Kennedy had his own secret back channel with Moscow. It may have kept the superpowers from going to war.
On a day in early December, one of Moscow’s agents in the United States, working undercover as a journalist for Izvestia, reported a private meeting with the president-elect’s “closest adviser.” The adviser, who met privately with the Russian spy, was frank and hopeful about a significant improvement in relations from the previous administration. He “stressed that was not merely expressing his personal opinion but the position of the future president.” The two men met alone, and there was no American record made of the encounter.
This is not a report about Lt. Gen. Michael Flynn, whose activities during the transition are now being investigated. Nor it is about Jared Kushner, who, the Washington Post reported on Friday, approached Russian Ambassador Sergey Kislyak last December to propose a secret communications channel. The meeting described above took place in 1960, and the “close adviser” was the incoming president’s brother, Robert F. Kennedy. It is not unusual for the Russians to want to establish contacts with an incoming presidential administration, especially when there is tension between the two countries. It is also not unusual for an American administration to use back channels to probe the intentions of adversarial powers. But December 1960 was not December 2016. The RFK meeting likely came at the request of the Russians, not the Americans. It was not held in secret—it was noted on RFK’s telephone log. And Robert Kennedy, despite general encouraging words, made no promises, suggested no follow-up, and was in no way working against the outgoing Eisenhower administration. The Russians were smart in focusing attention on the president-elect’s brother. He would eventually be involved in historic back channel activity, but well after the inauguration. And all these years later, such communications have been revealed as a canny and patriotic initiative by the Kennedy administration.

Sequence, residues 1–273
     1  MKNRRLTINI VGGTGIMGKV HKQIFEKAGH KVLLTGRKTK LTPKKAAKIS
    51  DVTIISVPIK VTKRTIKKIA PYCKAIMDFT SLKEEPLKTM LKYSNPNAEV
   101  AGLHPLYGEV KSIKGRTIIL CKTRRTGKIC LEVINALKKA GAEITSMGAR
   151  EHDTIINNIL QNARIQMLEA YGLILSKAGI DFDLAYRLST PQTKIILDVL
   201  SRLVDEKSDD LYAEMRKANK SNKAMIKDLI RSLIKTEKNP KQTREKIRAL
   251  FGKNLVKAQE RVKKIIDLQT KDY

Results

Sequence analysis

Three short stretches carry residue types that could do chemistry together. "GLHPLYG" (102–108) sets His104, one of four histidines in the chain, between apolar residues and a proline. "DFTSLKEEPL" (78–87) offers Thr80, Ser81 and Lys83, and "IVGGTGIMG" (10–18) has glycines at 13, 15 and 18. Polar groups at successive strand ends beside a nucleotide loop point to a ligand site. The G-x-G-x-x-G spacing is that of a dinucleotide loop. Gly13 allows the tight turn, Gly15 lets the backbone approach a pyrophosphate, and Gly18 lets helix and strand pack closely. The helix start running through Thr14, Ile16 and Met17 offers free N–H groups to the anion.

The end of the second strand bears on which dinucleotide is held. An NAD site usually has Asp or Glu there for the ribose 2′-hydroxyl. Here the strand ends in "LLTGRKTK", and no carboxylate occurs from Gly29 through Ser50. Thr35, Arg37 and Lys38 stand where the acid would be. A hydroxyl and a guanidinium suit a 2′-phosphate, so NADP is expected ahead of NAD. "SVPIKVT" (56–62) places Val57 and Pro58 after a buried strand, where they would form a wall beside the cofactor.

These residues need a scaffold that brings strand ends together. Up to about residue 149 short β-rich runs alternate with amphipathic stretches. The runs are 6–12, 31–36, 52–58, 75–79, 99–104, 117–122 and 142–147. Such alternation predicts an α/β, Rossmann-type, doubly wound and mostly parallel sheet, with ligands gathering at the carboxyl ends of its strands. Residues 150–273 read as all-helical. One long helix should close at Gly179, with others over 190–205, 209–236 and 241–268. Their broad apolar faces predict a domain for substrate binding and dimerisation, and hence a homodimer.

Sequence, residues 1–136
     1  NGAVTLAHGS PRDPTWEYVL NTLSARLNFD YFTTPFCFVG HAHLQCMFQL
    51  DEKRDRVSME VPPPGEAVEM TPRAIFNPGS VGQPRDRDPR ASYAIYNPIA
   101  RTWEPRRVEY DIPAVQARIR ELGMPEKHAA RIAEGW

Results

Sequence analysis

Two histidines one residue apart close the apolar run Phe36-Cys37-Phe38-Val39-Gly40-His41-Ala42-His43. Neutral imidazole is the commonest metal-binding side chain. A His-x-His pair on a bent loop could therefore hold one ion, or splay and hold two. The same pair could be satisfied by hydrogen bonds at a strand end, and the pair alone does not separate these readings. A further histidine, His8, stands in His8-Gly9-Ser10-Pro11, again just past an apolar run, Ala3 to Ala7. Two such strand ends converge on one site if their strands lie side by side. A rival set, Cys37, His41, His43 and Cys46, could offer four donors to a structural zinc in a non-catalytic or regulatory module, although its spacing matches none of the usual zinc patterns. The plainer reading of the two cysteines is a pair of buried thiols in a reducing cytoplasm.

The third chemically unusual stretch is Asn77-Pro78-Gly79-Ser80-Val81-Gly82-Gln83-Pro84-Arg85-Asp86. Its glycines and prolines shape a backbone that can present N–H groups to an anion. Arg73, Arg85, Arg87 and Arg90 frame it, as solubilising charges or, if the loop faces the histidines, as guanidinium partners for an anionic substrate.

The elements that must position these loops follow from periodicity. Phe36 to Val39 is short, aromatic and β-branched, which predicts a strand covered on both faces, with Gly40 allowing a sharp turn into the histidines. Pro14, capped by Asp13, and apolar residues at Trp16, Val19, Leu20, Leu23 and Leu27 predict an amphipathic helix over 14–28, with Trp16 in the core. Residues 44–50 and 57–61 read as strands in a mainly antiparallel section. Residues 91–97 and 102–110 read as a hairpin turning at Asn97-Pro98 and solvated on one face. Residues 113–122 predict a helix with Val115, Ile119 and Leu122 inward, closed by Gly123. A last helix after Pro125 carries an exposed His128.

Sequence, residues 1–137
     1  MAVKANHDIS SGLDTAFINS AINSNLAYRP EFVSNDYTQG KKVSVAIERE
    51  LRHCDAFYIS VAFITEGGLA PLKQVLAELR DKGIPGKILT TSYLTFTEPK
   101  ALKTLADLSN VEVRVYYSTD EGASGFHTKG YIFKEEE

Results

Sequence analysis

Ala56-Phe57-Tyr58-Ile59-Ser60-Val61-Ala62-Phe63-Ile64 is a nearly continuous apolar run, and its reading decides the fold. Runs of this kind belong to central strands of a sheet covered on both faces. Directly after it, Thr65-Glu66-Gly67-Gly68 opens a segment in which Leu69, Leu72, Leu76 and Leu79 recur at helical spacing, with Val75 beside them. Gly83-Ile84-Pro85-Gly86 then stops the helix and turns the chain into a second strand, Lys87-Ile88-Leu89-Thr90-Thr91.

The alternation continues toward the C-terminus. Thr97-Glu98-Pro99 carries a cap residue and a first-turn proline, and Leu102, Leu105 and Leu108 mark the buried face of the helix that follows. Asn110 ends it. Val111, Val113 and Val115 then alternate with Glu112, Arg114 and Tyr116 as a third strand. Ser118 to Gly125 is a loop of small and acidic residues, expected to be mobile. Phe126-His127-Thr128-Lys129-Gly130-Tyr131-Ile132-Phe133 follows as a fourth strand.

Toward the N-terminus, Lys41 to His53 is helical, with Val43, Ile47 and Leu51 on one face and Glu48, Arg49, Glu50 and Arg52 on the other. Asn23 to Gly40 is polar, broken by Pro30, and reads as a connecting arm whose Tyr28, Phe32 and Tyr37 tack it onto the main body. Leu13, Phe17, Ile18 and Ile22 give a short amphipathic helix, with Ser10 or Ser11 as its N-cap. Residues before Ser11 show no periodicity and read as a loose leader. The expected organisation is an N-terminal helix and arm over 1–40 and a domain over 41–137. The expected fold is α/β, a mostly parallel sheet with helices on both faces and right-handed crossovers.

This Monday John F. Kennedy would have turned 100, and it has taken nearly this long to develop a full picture of his presidency: The more we learn about it, the more impressive he becomes. Much of the biographical work until recently has been filling in the gaps created by censors—mainly close allies and family members—who did not want the public image of the fallen leader to be tarnished by his addiction to sex and his physical frailties. But what should most dramatically change how we view his presidency is the flood of new information (and some of it not new but underappreciated from Russian records) about how he did his job. JFK had a taping system installed in the White House a decade before Nixon, and these recordings have only been fully opened since late 2012. Unlike the technophobic Nixon, whose taping system would turn on at the literal drop of a hat, Kennedy’s was controlled by a button usually pressed by him alone. The Kennedy tapes, and the increasing release of that era’s national security documents, are revising the picture of a very creative moment in U.S. foreign policy.